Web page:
A few years ago, my business partner, Keith Coats, wrote a superb little book, “Everything I Know About Leadership I Learnt from the Kids” (it’s officially out of print, but you can still buy new copies from Amazon.co.uk and Kalahari.net). The book is written for leaders in all walks of life. Each chapter is a short story from Keith’s experience with his own children (and the children of a few friends, including my own), followed by a reflection and some remarkable insights on leadership. It really is a gem of a book.

And it has forever tuned me into the leadership lessons I can learn from my own children. I have three daughters, aged 5 to 11 at present, and they’re a constant source of joy, anxiety, love, learning, terror, pride, thrill and focus – all at the same time.

On Friday, I did a day long workshop on Global Trends with the private bankers at Coutts (the bank of The Queen and David Beckham). Given the audience, I decided to dress up, and arrived at breakfast with the family wearing a suit, tie, cufflinks – the full works. This is very unusual for me – my standard apparel is “business casual”. I must admit that I was feeling very posh and sophisticated, and quite pleased with myself as I thought about what the day had in store.

But my youngest daughter brought me down to size nicely as she saw me at breakfast: “Look, Daddy’s pretending to be a doctor!”. In her little world, the only people she has ever seen wearing ties are medical doctors, and her world is also neatly broken up into “real” and “pretend”.

There is a lot of “pretend” in the world of work. Some of it is necessary, as we present a version of ourselves to our colleagues and clients. We don’t need them to know everything about us – just those bits necessary to do our jobs. And that’s fine. But sometimes we begin to get sucked into some of the “pretend” worlds we create. And that ultimately can undermine who we really are.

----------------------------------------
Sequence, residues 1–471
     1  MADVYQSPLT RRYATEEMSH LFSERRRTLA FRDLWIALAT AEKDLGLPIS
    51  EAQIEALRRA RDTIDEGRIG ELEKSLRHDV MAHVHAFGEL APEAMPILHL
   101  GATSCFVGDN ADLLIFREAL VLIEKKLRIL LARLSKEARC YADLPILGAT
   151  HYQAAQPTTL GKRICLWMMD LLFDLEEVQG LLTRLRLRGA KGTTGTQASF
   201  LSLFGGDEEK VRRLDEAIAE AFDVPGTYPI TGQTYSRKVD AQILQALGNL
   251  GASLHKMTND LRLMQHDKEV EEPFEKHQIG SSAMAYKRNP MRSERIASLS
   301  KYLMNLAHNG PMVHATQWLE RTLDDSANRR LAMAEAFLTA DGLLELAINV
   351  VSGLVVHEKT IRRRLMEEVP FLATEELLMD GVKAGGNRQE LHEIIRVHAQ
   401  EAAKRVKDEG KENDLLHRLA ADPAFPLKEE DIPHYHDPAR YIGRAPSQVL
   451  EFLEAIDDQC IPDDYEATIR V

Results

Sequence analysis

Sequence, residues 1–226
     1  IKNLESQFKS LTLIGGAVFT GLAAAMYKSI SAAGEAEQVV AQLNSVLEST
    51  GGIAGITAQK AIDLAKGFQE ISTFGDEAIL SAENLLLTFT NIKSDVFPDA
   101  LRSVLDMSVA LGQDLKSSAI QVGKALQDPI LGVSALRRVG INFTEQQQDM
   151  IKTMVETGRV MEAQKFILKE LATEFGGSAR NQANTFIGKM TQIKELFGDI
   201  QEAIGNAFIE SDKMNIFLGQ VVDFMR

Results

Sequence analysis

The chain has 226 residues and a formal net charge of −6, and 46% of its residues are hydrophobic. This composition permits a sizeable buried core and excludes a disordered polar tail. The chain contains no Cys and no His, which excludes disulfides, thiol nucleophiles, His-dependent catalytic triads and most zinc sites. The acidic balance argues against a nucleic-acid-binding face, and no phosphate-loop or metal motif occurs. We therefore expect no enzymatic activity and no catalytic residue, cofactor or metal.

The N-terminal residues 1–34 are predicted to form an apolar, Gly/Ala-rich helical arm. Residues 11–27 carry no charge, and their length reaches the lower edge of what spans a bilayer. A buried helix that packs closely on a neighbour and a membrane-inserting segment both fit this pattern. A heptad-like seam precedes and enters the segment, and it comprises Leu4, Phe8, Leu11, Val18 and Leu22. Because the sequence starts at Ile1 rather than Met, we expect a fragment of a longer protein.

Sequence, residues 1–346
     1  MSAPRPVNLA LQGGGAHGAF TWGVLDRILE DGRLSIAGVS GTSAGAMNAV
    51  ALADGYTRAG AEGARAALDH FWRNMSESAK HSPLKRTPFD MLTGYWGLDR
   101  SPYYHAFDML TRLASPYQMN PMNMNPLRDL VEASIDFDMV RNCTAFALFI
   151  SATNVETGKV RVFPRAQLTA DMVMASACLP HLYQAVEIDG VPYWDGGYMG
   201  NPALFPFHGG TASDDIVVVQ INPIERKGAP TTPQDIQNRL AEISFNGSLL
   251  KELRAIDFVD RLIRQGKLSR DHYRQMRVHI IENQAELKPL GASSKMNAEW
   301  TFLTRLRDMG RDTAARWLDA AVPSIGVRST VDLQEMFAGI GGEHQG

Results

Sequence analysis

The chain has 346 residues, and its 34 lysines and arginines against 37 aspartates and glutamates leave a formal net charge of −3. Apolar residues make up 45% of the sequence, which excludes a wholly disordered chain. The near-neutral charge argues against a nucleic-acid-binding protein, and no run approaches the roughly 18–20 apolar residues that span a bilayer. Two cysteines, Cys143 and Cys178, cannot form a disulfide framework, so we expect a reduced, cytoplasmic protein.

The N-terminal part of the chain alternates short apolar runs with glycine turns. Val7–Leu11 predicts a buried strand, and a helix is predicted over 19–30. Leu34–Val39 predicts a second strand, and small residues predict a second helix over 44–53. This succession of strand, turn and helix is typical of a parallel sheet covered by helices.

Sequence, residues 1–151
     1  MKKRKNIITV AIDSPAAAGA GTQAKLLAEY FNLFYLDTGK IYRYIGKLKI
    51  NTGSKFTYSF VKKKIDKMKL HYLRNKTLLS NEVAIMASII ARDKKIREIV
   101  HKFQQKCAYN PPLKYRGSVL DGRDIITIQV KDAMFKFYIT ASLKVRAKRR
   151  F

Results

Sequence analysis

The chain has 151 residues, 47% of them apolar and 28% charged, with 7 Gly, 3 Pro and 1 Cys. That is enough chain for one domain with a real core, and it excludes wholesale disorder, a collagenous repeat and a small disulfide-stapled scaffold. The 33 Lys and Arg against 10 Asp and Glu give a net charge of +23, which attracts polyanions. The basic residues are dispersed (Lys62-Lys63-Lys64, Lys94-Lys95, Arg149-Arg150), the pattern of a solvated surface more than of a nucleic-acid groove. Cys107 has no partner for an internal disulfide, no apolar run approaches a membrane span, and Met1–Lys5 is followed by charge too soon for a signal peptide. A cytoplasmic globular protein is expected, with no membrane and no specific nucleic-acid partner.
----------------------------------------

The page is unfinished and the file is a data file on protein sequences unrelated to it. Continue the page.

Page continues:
For example, some people who have a faith might hide that fact away from colleagues who they know will ridicule or belittle them for it. Many women who are aiming for the boardroom have to act like men to get there and stay there. Some people act outside of their personalities and strengths so often that they begin to warp who they really are. And most of us, at least some of the time, have to pretend that our jobs are much more important than they really are, as we prioritise work over family, friends and personal health.

But, as David Laws, the British politican who tried to hide his homosexuality found out this past week, “pretend” has a way of catching up with you eventually. Even if there were very good reasons for you to pretend in the first place.

Keith Coats is fond of reminding leaders that “you lead out of who you are”. By this he means that authentic leadership is about character and not personality. This starts with personal mastery – with knowing yourself and building on your strengths. And obviously, therefore, very little “pretend”.

Our children can be a good mirror for us. To them, it matters little who you are when you’re in the office. To them, you’re just “Daddy” or “Mommy”, and they have an expectation about what they need from you, and a picture of who you really are when nobody else is watching. It would be good to try and make sure that what a watching world sees is as closely aligned to what your children see as possible. The further apart those two worlds are, the more likely it is that one of those worlds will be lost to you sometime in the future.

Just in case I needed further reminders that our children see us in a whole different way, my oldest daughter announced recently at supper that her Year 6 class had watched a video about the 1980s. Her face scrunched up into something part way between sneer, disgust and astonishment (only a true pre-teen can pull off an expression as expressive as that). She clearly had been unimpressed by watching a documentary on the decade that shaped her own parents. Her face said a thousand things, but the only thing she could make her mouth say was, “The 1980s: what was up with that?”. Thinking about it, that pretty much sums that decade up, doesn’t it?

Out of the mouths of babes…

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